However, an overarching narrative in the Philippines is the overall performance of women athletes at the Olympics. There was fervent support from Filipinos in social media and overall a sense of positivity for female athletes representing their country. Apart from Hidilyn’s gargantuan achievement, there were other significant mentions of other female athletes who gave their all at the Olympics.
Nesthy Petecio received support nationwide as she boxed her way to a silver medal, making her the first Filipino woman to win a medal in boxing. With a storied background in boxing, the country is looking forward to Nesthy’s future and Filipinos have dubbed her as the female counterpart of national hero and world boxing champion Manny Pacquiao. She also dedicated her win to the Pride movement. Using social media is a great way to advocate social causes and Nesthy championed the cause through coverage of her victory.
Another female athlete who was also prominently featured was skateboarder Margielyn Didal. There was a growing interest in her skateboarding exploits at the Olympics after her championship wins at the Asian Games and X Games. Her Instagram account stands at 775,000 followers, growing at an average of 45,000 followers each month in the past year. Despite not winning a medal in Tokyo, many Filipinos were watching and commenting on her performances while at the same time, praising the sporting contributions of female athletes.
The tigers of Malaysia sent a 30-strong contingent to the Olympics and returned with a haul of two medals of silver and bronze. There were almost half a million mentions of the athletes and their performances in Tokyo and they managed to make a name for themselves in cycling and badminton.
Azizulhasni Awang won a silver medal for his efforts in keirin cycling and Malaysians were out in full force to congratulate him for his heroics. The cyclist - in his post-victory interview - was in tears after winning his silver medal and made a plea for more funding to the sports scene in Malaysia. Social media responded with Malaysians highlighting that Azizulhasni was based in Melbourne and had to make multiple sacrifices to get to Tokyo. With coverage on an issue such as important as funding, officials can now get a better grasp and understanding of how they can boost the sports scene in Malaysia
Amid that emotional pursuit, Malaysians also rejoiced when their men’s doubles picked up the bronze for badminton. The duo, Aaron Chia and Soh Wooi Yik, overcame the Indonesian pair of Mohammad Ahsan and Hendra Setiawan in the third-place playoff. The country’s minister congratulated them on their victory and Malaysians followed suit with positive admiration for the shuttlers.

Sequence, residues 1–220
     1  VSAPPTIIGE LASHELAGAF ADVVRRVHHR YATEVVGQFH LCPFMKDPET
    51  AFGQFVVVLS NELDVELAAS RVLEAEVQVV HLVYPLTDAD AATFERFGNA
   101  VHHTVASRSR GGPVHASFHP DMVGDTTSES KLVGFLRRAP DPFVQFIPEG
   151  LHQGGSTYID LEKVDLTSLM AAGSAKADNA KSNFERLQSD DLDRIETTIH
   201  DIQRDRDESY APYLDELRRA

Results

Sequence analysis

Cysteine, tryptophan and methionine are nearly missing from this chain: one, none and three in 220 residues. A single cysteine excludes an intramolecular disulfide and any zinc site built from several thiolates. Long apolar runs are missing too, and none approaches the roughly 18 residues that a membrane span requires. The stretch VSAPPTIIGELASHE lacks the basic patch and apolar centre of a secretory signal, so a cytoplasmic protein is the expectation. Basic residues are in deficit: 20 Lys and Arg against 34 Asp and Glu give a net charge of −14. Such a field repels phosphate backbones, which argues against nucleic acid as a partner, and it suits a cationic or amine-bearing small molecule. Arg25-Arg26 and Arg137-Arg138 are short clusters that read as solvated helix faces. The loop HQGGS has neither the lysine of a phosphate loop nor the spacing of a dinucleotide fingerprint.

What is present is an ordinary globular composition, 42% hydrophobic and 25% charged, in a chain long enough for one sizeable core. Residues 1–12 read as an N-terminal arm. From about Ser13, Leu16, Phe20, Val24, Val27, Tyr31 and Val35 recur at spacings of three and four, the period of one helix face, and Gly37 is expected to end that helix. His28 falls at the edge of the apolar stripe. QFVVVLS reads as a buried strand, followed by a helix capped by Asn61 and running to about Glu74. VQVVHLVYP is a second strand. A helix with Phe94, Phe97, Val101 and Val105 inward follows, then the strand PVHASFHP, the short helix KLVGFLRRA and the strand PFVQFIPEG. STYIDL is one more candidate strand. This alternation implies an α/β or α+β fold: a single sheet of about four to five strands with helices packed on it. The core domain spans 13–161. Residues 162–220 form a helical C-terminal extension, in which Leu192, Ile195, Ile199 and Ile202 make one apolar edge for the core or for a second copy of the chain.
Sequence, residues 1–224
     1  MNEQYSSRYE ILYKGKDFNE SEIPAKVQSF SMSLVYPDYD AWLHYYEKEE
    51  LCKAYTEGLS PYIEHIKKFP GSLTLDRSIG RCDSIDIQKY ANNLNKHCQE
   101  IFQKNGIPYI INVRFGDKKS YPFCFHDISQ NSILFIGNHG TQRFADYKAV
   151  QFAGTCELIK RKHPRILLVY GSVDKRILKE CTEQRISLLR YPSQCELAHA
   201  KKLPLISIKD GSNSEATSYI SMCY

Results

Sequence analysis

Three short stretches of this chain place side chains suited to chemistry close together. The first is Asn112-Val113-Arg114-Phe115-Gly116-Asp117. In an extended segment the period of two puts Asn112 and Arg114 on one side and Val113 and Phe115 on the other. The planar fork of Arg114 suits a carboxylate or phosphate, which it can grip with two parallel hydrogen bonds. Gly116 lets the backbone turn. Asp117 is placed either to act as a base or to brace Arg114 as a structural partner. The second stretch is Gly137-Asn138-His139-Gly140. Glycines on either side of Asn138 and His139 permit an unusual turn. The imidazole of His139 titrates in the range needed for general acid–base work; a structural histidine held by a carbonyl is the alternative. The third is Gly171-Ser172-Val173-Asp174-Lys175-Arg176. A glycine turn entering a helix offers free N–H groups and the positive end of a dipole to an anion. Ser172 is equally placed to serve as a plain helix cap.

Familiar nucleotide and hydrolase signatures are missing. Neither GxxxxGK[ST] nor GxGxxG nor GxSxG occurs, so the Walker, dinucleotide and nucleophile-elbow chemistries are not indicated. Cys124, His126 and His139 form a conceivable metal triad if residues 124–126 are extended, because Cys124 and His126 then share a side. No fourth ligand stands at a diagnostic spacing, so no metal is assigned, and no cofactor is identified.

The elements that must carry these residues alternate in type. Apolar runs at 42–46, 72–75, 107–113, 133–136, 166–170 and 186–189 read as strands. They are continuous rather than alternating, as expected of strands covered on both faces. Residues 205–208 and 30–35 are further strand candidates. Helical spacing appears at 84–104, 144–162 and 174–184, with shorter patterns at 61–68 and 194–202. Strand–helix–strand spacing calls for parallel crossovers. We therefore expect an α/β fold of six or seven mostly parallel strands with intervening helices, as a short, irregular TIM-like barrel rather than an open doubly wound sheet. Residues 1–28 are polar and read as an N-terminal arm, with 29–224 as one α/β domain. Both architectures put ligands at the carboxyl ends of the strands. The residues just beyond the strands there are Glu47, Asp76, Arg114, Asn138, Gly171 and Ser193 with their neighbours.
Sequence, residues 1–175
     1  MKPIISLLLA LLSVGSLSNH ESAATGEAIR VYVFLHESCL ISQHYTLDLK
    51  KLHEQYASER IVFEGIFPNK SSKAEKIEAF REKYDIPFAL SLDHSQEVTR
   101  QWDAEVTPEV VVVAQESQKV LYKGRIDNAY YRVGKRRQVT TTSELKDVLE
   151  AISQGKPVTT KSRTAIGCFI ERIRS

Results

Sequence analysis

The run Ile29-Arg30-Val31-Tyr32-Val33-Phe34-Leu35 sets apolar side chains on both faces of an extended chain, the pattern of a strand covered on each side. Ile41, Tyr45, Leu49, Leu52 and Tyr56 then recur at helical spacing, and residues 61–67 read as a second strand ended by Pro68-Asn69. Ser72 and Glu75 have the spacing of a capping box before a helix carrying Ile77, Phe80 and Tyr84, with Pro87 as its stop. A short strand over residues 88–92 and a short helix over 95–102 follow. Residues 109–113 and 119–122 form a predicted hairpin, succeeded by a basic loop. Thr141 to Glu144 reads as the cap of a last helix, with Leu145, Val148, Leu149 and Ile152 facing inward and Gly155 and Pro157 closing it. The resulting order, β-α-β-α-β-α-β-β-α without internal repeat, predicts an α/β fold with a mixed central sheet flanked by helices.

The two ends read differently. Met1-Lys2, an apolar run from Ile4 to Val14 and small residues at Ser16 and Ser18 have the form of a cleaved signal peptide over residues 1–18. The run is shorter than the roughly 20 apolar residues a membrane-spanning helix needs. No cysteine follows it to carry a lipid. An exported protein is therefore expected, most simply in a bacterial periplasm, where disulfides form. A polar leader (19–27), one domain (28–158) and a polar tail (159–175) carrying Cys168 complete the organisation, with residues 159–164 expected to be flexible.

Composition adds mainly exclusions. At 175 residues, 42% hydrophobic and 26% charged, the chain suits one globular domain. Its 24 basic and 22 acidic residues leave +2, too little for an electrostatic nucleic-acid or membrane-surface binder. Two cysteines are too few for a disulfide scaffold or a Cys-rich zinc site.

However, the most shared piece of news related to a Malaysian athlete was about knitting and cardigans! British world champion diver Tom Daley is a knitting enthusiast and he was spotted several times during the Olympics stitching various pieces of clothing and accessories. One of them turned out to be for his friend and fellow diver Cheong Jun Hoong. Using their Instagram accounts, the pair shared Daley’s creation which further increased their reach to their fans worldwide.
With the myriad of individuals and stakeholders involved in organising a global event such as the Olympics, there is so much more to learn from the constant stream of content being broadcast to the world. Athletes, broadcasters, journalists, influencers, content creators and sporting officials and especially the fans make up the cacophony found on social media and the news.
Media coverage is no longer a silo in a sporting event or campaign. It is a colourful mix of social media, news, and interacting with fans and audiences on social media. To learn more of how Meltwater can show you to use media intelligence - from media coverage to audience behaviour to influencers in the sporting arena - fill out the form below.
With social media, the athletes from these Southeast Asian countries can reach out and interact with their fans despite current restrictions and lockdowns. Along with their victories in hand, these athletes would love to know what the audience is saying because that is the only way they can better interact with them and gain support for their future sporting excellence.